“If we add up the points across all six categories, the [biggest beneficiary from Huckabee’s decision], with 4.5 points, is Herman Cain of Georgia, the radio talk show host and entrepreneur who is beginning to get more attention lately. He’s the most Huckabee-like of the other Republican candidates. Closely behind him, with 4 points each, are Sarah Palin, Newt Gingrich, and Michele Bachmann. Mr. Pawlenty, Mr. Santorum and (somewhat to my surprise) Mr. Paul also score reasonably well.

“Other candidates, however, share little in common with Mr. Huckabee. Jon Huntsman of Utah might be closest to his opposite number — socially moderate rather than socially conservative, Mormon rather than evangelical Protestant, rarely seen in the cornfields of Iowa or on the airwaves of Fox News. Mr. Romney doesn’t share much in common with Mr. Huckabee — although his not having to compete against Mr. Huckabee in Iowa would be a big deal. Donald Trump and Mr. Huckabee don’t have much in common.”

***
“But the biggest impact of Huckabee’s opting out of a second race may be felt by his arch-nemesis.

“Without the former preacher in the race, why couldn’t Romney make a strong showing in Iowa? The 34 percent of caucus-goers who supported Huckabee in the race could splinter, leaving a path for Romney to capture a plurality victory in the Hawkeye State…

“Another Iowa Republican was even blunter, suggesting that the Romney fig leaf for not being able to win the caucuses has been stripped away.

“The biggest loser is Romney because he no longer has a foil in Iowa,’ said the Republican. ‘All the Iowa polls sans Huckabee have him winning.'”

***
“Pawlenty was according to all reports a finalist for vice president in 2008, and I don’t recall any important GOP or movement conservative groups objecting. So why isn’t Pawlenty pulling away?

“Perhaps he is, and we just don’t realize it yet. That’s the Dukakis analogy. Looking at Nate Silver’s data, Mike Dukakis was an apparent longshot based on early polling, sitting at about 8%. At this point in the 1988 process, Democrats were generally unenthusiastic about the field, distracted by implausible nominees (most notably, Jesse Jackson), and looking for a late entry to save them. Dukakis just rolled along, doing the things that candidates need to be doing, and by the time the actual voting came along he basically had the thing locked up, even though it took a while to get it done.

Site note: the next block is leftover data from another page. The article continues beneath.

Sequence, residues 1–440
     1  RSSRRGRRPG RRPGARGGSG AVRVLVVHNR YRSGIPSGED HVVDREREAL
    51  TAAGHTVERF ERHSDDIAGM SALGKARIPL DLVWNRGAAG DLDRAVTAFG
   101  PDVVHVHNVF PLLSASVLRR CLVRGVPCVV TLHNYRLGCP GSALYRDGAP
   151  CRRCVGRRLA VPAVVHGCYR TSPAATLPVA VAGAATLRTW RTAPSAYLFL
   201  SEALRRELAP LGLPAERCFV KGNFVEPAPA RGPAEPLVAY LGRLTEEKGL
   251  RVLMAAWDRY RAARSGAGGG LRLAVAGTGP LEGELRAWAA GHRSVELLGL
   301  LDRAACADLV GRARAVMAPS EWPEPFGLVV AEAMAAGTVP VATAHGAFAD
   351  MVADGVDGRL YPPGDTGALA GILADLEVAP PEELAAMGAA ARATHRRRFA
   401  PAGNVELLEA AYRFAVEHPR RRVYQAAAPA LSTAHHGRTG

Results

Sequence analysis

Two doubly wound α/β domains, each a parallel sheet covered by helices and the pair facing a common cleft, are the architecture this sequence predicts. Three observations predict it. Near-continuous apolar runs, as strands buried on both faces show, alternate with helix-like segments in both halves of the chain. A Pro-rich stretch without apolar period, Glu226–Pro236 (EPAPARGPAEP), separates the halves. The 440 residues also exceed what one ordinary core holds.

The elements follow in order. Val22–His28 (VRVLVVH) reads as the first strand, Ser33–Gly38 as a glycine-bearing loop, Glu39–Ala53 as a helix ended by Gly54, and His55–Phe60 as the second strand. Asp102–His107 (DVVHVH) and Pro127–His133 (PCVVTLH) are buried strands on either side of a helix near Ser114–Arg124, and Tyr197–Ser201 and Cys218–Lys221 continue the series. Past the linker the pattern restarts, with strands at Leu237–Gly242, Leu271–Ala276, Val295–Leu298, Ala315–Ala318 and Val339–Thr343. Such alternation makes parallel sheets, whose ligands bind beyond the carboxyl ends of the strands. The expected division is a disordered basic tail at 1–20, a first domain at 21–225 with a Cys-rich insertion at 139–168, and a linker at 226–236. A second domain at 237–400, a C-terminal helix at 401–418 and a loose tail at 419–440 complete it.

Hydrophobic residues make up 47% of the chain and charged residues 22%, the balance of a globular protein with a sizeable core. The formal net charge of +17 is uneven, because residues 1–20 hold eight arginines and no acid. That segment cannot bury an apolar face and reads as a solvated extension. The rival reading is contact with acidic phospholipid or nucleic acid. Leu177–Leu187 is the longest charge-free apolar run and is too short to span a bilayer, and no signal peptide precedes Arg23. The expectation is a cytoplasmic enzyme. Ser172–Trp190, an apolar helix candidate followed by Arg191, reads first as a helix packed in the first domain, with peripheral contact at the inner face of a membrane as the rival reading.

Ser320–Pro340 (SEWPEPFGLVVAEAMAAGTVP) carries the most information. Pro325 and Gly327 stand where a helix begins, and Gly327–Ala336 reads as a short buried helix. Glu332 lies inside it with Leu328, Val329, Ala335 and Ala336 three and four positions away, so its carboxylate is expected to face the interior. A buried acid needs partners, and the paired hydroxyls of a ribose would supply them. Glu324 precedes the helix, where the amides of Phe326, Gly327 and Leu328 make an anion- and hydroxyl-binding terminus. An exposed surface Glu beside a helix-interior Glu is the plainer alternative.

“And yet…while Dukakis was liked well enough, he never inspired a whole lot of enthusiasm among Democrats. Jesse Jackson, yes. Mario Cuomo, who never ran, yes. But Dukakis was acceptable. Perfectly fine. Certainly would do. Just not someone who set anyone on fire, the way that even losers like Gary Hart in 1984 or Ted Kennedy in 1980 had done.”

***
“I think people are complaining that this is not off to a brisk start, I think that’s wrong. I think we know with reasonable certainty that standing up there on the west front of the Capitol on Jan. 20, 2013 will be one of three people: Obama, [Tim] Pawlenty and [Mitch] Daniels. I think that’s it.”

***
“‘There are a lot of great candidates — most of them are very dear friends of mine,’ he said. ‘Rick Santorum for example is a strong social conservative, but is also a strong fiscal and, I think, defense conservative, foreign policy conservative. Tim Pawlenty, is another person; Newt Gingrich, Michele Bachmann… Sarah Palin, should she decide to get in, and I think people are awaiting her decision, like they were mine.’…

“‘There’s been a lot of talk about Mitt Romney and me,’ he said. ‘We don’t socialize, we’re not close personally, but I want to make it very clear: If Mitt Romney is the nominee for our party, I will support him because I believe Mitt Romney would be a better president of the United States than Barack Obama on any day.'”